The problem with (academic) Mastodon

A bit more than 2 months ago, I signed up to Mastodon (again). I did spend a few moments to pick a relevant home, but by now I’m pretty sure I identified the key problem with Mastodon: it’s far too relevant! That’s right, I learn about a larger number of interesting and relevant publications, and more importantly, I get exposure to a more diverse set of opinions and perspectives. Diversity in perspectives is a good thing, but more reading — can’t we get an algorithm to throw in irrelevant messages instead, just so that there’s an endless supply of messages⸮⸮

OK, more seriously, compared to what was formerly considered a competitor product, the Mastodon experience I get on is much more on target, less news, less TikTok content, and none of these annoying attempts to make me subscribe to topics and “famous” people.

Desk rejected — reviewed journal experience

We just had a paper desk rejected, that’s part of the business. My next step? Update on SciRev and review the review process (not a bad experience in the current case), and then think how to best move on. SciRev is run by a foundation and gives you insights how others fared with different journals.

How fast can you get? At what cost?

According to my inbox, one of the MDPI journals invited me to review an article that’s well outside my expertise on 29 December, 10:40 am. On 30 December, 3:00 am, I got a reminder (i.e., less than 24 hours later). On 1 January, 5:00 am, my invitation to review was cancelled because they have “received sufficient peer-review reports from other referees”.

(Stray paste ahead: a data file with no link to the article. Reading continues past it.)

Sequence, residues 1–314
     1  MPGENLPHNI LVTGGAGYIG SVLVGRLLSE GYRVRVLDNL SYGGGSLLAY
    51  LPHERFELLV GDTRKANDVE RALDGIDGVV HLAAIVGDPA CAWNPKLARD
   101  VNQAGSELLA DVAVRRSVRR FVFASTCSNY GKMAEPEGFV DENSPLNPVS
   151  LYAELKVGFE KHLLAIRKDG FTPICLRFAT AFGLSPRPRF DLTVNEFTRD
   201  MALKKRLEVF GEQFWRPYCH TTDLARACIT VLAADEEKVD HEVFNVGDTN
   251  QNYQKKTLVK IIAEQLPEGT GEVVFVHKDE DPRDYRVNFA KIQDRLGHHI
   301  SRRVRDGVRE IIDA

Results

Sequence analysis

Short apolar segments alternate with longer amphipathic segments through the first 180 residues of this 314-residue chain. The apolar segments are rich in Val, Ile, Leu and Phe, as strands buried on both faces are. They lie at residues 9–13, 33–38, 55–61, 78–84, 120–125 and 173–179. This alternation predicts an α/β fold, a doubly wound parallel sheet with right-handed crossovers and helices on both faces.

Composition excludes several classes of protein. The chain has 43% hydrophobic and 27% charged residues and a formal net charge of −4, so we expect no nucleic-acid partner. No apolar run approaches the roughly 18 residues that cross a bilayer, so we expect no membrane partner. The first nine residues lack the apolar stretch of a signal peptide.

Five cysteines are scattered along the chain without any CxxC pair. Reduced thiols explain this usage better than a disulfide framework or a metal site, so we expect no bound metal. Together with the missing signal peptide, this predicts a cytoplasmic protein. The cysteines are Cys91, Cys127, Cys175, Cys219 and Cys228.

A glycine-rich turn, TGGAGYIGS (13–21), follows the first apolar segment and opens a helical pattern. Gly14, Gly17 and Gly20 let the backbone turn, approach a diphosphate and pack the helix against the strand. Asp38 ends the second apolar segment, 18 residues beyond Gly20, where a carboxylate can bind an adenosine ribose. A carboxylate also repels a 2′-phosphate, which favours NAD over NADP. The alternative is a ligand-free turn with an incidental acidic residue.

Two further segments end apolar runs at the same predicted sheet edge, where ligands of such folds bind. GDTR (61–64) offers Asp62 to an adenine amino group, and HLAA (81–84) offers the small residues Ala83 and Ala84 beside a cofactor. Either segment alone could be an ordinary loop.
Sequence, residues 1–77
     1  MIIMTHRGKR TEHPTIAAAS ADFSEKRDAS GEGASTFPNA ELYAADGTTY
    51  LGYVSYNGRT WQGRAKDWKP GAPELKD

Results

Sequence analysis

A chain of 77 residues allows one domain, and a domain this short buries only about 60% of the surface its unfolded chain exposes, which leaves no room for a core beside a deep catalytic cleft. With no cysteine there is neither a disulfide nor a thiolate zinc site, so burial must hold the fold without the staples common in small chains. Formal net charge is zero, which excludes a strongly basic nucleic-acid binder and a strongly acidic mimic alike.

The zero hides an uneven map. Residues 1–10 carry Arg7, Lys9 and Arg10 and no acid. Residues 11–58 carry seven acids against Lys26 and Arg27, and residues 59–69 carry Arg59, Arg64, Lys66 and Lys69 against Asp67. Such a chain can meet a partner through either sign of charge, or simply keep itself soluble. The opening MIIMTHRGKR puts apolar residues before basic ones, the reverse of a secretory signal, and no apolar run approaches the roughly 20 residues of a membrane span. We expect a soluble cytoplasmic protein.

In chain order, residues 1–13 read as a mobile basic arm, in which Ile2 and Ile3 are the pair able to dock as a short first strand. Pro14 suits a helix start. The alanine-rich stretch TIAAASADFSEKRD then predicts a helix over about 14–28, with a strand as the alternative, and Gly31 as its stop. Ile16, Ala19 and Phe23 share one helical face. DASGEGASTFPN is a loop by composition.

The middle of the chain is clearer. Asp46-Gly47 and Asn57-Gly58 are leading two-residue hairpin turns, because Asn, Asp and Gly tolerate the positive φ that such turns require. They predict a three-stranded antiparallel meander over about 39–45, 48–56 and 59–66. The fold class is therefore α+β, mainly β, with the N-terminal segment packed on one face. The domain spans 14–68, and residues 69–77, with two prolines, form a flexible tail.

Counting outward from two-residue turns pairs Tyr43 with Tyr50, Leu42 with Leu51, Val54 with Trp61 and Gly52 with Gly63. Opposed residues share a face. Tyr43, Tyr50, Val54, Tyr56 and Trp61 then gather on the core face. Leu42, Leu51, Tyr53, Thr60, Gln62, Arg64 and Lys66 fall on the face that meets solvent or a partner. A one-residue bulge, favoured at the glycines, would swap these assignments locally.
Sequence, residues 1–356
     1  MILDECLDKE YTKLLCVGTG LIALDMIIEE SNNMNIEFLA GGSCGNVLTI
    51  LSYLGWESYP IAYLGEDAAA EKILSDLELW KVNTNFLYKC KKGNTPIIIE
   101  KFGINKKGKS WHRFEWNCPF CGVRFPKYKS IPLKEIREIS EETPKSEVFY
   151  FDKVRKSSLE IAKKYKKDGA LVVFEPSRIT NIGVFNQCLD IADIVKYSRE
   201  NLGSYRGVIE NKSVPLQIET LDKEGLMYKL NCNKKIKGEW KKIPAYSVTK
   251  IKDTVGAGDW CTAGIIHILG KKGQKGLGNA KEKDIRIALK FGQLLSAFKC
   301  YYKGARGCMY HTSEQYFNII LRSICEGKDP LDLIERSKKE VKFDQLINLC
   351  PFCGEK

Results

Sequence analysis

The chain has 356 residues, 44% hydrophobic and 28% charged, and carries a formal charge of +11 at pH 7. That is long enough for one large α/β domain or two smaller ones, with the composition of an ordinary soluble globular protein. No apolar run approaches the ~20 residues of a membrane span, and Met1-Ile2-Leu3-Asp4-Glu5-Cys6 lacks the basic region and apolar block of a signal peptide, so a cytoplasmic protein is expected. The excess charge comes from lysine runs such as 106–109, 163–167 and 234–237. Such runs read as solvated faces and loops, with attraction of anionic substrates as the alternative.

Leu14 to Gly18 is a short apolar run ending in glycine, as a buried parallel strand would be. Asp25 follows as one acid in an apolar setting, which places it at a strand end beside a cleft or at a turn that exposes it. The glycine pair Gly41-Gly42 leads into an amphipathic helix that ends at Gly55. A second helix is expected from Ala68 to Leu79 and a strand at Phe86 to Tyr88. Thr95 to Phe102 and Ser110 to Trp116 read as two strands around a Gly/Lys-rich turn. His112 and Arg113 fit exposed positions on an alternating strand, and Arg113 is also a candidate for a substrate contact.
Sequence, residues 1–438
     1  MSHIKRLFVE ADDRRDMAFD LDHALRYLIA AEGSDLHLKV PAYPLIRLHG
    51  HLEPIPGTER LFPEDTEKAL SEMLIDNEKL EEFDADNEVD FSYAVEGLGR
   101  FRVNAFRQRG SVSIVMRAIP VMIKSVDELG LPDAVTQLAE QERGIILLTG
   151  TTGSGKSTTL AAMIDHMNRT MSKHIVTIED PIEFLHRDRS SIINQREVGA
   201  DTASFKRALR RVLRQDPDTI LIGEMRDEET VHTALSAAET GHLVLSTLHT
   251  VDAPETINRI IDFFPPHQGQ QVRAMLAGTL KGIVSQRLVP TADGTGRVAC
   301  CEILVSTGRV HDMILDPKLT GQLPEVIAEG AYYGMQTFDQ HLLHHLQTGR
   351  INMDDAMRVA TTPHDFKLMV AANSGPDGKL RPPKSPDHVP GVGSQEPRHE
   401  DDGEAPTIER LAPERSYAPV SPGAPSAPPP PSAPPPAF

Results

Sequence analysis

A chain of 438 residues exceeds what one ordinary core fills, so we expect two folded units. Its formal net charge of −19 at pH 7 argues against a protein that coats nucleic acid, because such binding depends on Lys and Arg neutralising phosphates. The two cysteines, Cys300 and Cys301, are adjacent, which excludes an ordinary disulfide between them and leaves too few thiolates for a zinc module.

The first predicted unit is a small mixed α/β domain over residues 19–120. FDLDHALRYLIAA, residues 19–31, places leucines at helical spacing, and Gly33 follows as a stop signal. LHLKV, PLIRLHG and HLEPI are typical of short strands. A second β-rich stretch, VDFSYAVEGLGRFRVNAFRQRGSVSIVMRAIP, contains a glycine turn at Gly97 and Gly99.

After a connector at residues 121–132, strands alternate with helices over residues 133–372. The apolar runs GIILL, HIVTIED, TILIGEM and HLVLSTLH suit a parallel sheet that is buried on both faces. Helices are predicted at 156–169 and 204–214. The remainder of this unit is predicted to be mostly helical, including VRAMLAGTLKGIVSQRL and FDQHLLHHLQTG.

I realize speed in itself has become a valued indicator to some, but at what cost? Whatever, I enjoyed my holidays…

End Peer Review?

Adam Mastroianni has an interesting post on the rise and fall of peer review. I found it interesting in that it looks at the history of peer review, and in that it asks a clear question: Is science better off because of peer review?

I think it’s worth a read, but I struggled with peer review being pitched as “an experiment”, and especially with the extrapolation from one “I posted this on PsyArXiv and got a lot of feedback” to this is what we should be doing. Would it scale? Would it be better? Would it be fairer or simply give even more weight to “prestige” and those in stable jobs with all the resources? Would we encourage even more hyperbole and select on eloquence?

Would there still be journals (or other recommendation services), and do we want to give more decision power to individual editors (and specific algorithms)? I’m just asking a lot of questions here, but I think that the answers need a careful distinction between journals, peer review, and for-profit publishers.